Put another way, I wouldn't be the least bit surprised to find that Facebook sold everything it knows to spammers, the Camorra, the Chinese government, and the FBI (through back channels, natch), but I would be if it turned out Google did the same.

Could be I'm tragically mistaken about this, of course. That's really too bad as for now I don't have a plan B.

A couple of years back, some people who were even less happy with Facebook than I am kicked off a project called Diaspora. I tried it out as soon as there was a public alpha. I liked their approach.
You can get the source code.
You can set up a node of your own.
You present aspects of yourself, not a unitary identity.
You can create clients to connect it up to other things.
When I first tried it, it was in disastrous shape. I could only sign up and send invitations. I couldn't even "share" with another user in the same node (or "pod") whose address I knew. Plus the user interface barely did anything to start with.

I looked at it again yesterday, and while it's early days yet, it has come a long way. I was able to set up a number of aspects, find a number of people on the network and connect them to these aspects. Someone else there found me. I fired off an "Is this thing on?" and got an answer. There are help texts. There's a profile where I can actually put stuff. I'll try to put a photo there later today.

Put another way, I can do stuff with it. More to the point, I can manage my degrees of intimacy there.

Therefore, I'm issuing an open invitation to anyone reading this blog: find me on Diaspora and share with me in some aspect, and I'll share back in some aspect. I'm primejunta@diasp.org (that's not an email address, it's my handle and the pod I'm on). I'll only refuse spammers and bots.

Social networking is a great idea. There's just got to be a better way to do it than Facebook. Maybe Diaspora is it. If it is, most of all it needs us -- people joining it. You can sign up on the diasp.org pod here.

If you don't care to join Diaspora and still want to keep track of me, you can also find me on Twitter as PrimeJunta. Or here, natch.

9 comments:

  1. There are many pros and cons to Facebook. You put this in such a way that I'm leaning even more towards leaving. I check my privacy every week to make sure nothing has changed. All I really want is a page and not a profile.

    http://mandycrandell.blogspot.com/

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  2. Yes, I see these problems, too. Diaspora sounds interesting.

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  3. Maybe I'll see you there, then. :-)

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  4. You have a "Share on Facebook" button on your blog. You must not hate it that much.

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  5. I joined FB under a pseudonym, and have nothing but joke entries on my profile, but even at this level I'm always being plied with app requests,friend requests, etc which 99% of the time I turn down. I don't answer questions or interact much. I'm not sure why I'm there actually, except it does provide a visual identity for some of the acquaintances I interact with, and a window into their personalities. If I am ever asked to use my own name and personal info of any kind, I'll be out of there in a cloud of pixels. AFA Diaspora, I may check it out--I like the idea of nodes and aspects. Here's hoping the anti-trust probe doesn't seriously screw up Google, as I too get a much better vibe from them than many out there, and I can't even imagine packing up my blog and hauling it off to wordpress. Yeesh! That would suck.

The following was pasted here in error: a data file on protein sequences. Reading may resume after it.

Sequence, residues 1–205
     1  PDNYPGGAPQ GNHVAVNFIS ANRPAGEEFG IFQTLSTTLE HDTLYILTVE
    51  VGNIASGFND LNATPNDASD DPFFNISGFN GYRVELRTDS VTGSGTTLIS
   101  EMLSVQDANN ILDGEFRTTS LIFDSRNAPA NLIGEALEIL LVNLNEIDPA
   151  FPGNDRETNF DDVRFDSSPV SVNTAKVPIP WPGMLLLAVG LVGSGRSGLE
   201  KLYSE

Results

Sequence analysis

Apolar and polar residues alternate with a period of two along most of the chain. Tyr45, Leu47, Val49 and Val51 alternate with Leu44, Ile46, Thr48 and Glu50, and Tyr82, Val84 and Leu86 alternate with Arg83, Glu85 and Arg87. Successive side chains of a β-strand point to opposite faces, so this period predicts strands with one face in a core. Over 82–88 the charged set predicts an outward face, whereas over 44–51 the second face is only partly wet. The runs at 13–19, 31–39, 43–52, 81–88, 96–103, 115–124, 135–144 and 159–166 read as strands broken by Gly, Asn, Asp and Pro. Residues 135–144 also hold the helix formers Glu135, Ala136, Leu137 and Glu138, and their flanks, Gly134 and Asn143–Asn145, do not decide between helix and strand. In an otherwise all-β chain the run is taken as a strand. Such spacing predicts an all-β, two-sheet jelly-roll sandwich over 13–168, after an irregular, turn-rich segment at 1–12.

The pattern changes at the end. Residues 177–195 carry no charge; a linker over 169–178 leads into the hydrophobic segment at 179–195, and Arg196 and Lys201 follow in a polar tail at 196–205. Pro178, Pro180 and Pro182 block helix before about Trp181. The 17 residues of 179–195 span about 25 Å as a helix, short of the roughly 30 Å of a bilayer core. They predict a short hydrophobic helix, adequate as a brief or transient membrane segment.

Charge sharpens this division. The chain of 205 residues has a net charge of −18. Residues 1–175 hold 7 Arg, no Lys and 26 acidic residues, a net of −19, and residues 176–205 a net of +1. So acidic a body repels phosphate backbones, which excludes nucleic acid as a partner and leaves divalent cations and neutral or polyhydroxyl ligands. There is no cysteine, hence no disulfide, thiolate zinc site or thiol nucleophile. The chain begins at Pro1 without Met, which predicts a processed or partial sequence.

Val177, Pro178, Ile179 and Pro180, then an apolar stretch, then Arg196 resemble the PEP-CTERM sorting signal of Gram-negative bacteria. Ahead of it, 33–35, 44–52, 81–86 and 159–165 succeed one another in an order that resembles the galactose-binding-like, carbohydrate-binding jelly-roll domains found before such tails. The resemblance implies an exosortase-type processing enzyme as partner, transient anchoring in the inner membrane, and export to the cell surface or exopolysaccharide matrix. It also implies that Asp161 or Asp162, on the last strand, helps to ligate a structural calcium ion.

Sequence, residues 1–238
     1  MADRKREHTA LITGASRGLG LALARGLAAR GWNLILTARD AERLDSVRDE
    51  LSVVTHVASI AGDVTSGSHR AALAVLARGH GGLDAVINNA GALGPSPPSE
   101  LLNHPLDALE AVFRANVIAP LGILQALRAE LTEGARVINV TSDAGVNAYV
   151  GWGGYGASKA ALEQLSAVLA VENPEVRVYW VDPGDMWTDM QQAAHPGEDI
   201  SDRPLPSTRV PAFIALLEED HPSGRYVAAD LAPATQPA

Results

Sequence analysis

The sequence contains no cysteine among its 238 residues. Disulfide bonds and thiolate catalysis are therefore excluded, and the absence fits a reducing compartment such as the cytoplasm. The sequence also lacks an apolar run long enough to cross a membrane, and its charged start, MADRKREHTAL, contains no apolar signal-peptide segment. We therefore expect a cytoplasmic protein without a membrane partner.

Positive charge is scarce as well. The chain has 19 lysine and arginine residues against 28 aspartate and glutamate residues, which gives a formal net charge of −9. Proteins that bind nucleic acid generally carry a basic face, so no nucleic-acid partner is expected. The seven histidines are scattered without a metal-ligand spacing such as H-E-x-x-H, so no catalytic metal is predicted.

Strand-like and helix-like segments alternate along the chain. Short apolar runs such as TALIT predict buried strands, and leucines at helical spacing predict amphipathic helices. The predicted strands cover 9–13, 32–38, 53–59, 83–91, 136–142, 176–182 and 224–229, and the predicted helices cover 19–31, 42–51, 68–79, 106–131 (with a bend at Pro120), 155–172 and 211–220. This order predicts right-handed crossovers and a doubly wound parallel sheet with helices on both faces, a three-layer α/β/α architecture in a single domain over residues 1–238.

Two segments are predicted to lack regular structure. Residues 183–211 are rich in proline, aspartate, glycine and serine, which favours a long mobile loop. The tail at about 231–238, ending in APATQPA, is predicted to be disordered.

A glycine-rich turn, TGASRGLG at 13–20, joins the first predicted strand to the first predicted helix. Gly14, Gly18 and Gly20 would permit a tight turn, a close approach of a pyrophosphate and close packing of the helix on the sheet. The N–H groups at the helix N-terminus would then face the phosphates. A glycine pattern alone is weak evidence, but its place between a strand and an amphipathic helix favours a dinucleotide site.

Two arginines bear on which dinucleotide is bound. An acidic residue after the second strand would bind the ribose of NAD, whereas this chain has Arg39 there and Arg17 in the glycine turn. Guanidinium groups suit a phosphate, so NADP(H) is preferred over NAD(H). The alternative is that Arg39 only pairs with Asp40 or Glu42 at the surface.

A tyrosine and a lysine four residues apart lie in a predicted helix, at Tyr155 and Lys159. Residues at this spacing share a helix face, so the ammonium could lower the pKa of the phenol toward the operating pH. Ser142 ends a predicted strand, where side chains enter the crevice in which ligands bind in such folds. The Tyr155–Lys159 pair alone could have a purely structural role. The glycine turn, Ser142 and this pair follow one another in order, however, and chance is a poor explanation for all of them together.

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  6. I hate facebook. Never joined because I am morally opposed to someone selling our private data for profit.

    Diaspora, as you present it, seems interesting. Having only quickly browsed through their webpage, I was left wondering about trust. So you join a given pod. And your info (photos, friends, etc.) gets stored on that pod. Isn't this the equivalent of trusting a random stranger with your data? Who know's the real operator of the pods? What guarantees it's not the Chinese government running many of those?

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  7. You can always run your own pod.

    The other important thing is that because the system is decentralized, no single entity has all the data. That means that nobody has Facebook's or Google's data mining opportunities in it.

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  8. I guess I find many more advantages to Facebook than you do, with about the same disadvantages.
    Two similar but very important advantages are these:

    - Staying in touch with friends in other countries.
    - Getting in touch with people once I go visit that country


    I also have no trouble unfriending people, and I have started doing so lately. When I see posts of people on my daily feed with whom I would not correspond anymore or I haven't for years, they just go away. I also have stopped accepting requests from everyone.

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  9. Was going to look into Diaspora until I saw that it had a LIKE page on Facebook